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Skin Cancer Awareness

Cancer, Environmental Health, Healthy Lifestyles

May has been designated as Skin Cancer Awareness Month.  One would think this is an attempt to get people to think about their sun exposure during the upcoming summer months and change their behavior.  And they should do just that!  There are more than ONE MILLION cases of skin cancer diagnosed every year in the U.S.  It is the most common type of cancer and can be easily prevented.

There are several different types of skin cancer.  Basal cell and squamous cell cancers are highly curable while melanoma is much more dangerous, especially for young people.  But melanoma is also curable if detected in its early stages.  It is estimated that 8,110 people died from melanoma in 2007 and 58,940 were newly diagnosed.   Other types of skin cancer claimed 2,740 lives. 

Exposure to the sun's ultraviolet (UV) rays appears to be the most important environmental factor involved in the development of skin cancer.  People with certain risk factors are more likely than others to develop skin cancer.  Risk factors include:

  • unprotected and/or excessive exposure to UV radiation by the sun or tanning bed
  • family/personal history of skin cancer 
  • a history of sunburns as a child
  • fair complexion or skin that burns, freckles, reddens easily, or becomes painful in the sun
  • blue or green eyes, blond or red hair
  • certain types and a large number of moles

The best ways to reduce the risk of skin cancer are to avoid intense sunlight for long periods of time and to practice sun safety.  The American Cancer Society recommends these sun protection habits:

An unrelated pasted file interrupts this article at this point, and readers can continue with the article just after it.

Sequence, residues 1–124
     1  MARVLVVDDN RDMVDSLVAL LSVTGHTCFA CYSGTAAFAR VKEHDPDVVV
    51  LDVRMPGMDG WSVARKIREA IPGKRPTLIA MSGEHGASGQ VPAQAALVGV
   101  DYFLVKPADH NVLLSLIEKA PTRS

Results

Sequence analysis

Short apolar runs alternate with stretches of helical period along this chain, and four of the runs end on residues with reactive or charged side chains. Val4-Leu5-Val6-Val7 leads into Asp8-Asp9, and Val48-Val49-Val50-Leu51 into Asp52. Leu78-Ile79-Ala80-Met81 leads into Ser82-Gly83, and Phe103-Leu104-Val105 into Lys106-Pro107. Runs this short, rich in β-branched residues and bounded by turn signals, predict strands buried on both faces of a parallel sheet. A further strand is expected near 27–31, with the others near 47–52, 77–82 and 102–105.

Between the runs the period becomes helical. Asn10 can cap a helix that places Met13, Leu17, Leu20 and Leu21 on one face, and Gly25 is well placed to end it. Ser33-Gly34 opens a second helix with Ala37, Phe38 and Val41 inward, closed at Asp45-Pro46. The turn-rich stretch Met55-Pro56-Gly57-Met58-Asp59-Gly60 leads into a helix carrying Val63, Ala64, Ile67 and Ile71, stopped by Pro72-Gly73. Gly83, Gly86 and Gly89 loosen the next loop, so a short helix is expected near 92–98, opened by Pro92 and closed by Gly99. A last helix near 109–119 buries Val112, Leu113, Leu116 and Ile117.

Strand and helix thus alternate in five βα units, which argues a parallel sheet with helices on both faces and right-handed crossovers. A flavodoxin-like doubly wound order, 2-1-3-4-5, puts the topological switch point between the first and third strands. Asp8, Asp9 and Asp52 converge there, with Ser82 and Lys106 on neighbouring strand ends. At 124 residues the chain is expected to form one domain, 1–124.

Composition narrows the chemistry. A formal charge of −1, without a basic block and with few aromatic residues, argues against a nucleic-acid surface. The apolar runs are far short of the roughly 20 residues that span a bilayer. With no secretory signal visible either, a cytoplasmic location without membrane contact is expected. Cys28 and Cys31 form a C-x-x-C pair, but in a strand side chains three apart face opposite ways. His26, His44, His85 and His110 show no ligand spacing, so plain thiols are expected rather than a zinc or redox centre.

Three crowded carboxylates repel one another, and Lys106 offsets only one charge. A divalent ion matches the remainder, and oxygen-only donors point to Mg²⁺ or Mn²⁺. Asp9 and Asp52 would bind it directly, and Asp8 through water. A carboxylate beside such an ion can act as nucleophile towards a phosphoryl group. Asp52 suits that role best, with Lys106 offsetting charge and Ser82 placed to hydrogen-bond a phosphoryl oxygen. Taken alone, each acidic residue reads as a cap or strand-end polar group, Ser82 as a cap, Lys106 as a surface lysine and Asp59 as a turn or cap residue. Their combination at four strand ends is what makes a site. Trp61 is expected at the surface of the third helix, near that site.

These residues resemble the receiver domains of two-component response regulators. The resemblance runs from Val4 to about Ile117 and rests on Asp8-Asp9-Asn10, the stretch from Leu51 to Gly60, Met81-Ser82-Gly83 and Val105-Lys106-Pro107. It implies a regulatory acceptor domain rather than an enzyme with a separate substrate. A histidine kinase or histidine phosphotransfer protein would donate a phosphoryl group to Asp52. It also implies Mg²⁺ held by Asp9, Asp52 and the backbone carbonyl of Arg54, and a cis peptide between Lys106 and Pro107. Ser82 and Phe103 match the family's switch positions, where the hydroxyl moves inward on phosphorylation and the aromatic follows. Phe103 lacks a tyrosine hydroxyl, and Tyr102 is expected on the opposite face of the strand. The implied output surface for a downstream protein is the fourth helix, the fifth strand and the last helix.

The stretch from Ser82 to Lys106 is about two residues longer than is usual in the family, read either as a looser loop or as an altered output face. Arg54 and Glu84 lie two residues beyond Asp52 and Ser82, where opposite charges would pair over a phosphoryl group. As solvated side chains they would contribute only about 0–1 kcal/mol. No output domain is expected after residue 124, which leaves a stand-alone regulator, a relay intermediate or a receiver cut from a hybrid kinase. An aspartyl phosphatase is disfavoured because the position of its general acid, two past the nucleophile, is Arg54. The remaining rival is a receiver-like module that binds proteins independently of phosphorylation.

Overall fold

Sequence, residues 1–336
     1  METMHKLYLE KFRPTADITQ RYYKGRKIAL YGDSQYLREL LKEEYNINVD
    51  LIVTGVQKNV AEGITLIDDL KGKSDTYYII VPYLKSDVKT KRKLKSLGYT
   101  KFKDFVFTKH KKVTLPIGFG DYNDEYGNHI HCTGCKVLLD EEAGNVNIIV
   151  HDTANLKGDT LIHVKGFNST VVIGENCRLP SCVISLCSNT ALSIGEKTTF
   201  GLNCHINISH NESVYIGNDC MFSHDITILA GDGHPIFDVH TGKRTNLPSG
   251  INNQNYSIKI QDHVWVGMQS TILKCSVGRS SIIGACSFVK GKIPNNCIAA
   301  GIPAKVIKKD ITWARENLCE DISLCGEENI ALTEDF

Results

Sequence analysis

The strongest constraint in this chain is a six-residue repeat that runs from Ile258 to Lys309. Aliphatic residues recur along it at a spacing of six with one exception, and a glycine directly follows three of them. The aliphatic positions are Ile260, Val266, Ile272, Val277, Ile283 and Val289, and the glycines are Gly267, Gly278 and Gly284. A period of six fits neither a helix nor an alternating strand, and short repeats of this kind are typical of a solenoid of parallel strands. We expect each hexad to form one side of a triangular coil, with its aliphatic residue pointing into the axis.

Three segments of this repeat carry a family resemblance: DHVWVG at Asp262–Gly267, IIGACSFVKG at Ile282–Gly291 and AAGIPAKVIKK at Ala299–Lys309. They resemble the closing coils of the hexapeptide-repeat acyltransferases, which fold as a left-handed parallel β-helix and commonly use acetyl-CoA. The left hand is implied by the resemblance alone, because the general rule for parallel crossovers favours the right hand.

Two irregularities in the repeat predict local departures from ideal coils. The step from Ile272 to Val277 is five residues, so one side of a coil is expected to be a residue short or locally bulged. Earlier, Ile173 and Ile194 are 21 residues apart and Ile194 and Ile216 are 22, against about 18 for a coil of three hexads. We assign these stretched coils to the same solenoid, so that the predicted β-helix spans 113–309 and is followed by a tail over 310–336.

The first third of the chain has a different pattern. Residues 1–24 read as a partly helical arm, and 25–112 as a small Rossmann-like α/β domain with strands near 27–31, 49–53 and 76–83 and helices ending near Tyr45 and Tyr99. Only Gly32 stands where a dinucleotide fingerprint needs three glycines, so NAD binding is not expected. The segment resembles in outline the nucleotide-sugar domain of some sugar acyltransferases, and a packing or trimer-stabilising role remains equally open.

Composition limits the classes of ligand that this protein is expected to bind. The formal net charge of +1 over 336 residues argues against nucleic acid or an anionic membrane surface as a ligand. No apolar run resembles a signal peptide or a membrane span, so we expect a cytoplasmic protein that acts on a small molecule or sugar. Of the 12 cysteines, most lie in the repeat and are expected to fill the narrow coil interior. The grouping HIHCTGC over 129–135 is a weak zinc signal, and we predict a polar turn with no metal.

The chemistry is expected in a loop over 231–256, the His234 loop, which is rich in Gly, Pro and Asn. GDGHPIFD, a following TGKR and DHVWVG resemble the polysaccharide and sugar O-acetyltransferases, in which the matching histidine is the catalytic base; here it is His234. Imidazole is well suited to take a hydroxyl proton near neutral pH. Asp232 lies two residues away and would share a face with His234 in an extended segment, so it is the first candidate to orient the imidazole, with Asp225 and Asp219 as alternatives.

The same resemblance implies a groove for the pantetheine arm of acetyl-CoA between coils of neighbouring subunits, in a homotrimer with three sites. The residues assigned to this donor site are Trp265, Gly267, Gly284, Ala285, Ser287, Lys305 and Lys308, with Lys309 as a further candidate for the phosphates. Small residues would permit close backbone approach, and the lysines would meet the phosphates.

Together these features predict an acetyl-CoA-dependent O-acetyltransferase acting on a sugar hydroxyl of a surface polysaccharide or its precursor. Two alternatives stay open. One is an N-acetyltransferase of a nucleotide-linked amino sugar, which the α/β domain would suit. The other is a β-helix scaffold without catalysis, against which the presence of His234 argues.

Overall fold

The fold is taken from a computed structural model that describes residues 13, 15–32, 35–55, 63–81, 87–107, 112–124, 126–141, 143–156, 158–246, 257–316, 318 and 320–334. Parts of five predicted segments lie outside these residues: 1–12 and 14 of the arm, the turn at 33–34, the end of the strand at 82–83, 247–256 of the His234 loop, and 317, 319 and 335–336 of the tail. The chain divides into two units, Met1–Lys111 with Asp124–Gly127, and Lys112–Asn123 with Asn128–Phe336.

• Avoid the sun between 10 a.m. and 4 p.m.
  • Seek shade.  Teach your children the "shadow rule".  If your shadow is shorter than you, the sun's rays are at their strongest.
  • Slip on a shirt and cover up to protect exposed skin.
  • Slop on sunscreen with a sun protection factor (SPF) of 15 or higher.  Use it even on overcast days and re-apply it throughout the day.
  • Slap on a hat, preferably a wide-brimmed hat.  If choosing a baseball cap, remember to use sunscreen on your ears and neck.
  • Wrap on sunglasses to protect your eyes.  Make sure they offer 99%-100% protection from both UVA and UVB rays.
  • Avoid other sources of UV light.  Rays from tanning beds and sun lamps are as dangerous as those from the sun.

Infants should be kept out of direct sunlight.  The American Academy of Pediatrics recommends using sunscreen on infants for small areas such as the face and back of hands where protection from clothing is inadequate.  Teach your children sun safety practices because they will be exposed to UV radiation their entire lives.  Pediatric melanoma is increasing about 3% a year. 

Everyone should wear sunscreen, even people with darker skin who might not get sunburned as easily as those with lighter skin.  Skin damage from excessive sun exposure can occur even though the skin does not burn.  Unfortunately, cases of skin cancer in those with darker skin are often not detected until later stages which provides all the more reason to use sunscreen. 

Remember to examine your skin regularly to look for changes, especially in the size or color of a mole or other darkly pigmented growth or spot, or a new growth.  Check for scaliness, oozing, bleeding, or change in the appearance of a bump or nodule.  The spread of dark coloring beyond the edge of a mole or mark could be a warning sign.  And note any change in sensation, itchiness, tenderness, or pain.  Any of these signs should be reported to your doctor. 

Take steps today and everyday to reduce your risk of skin cancer.  For more information, check out these websites:

http://www.cancer.gov/cancertopics/wyntk/skin          http://www.cancer.gov/cancertopics/types/melanoma          http://www.aad.org/media/psa/index.html

http://www.nlm.nih.gov/medlineplus/skincancer.html          http://www.cancer.org/docroot/PED/content/ped_7_1_Skin_Cancer_Detection_What_You_Can_Do.asp

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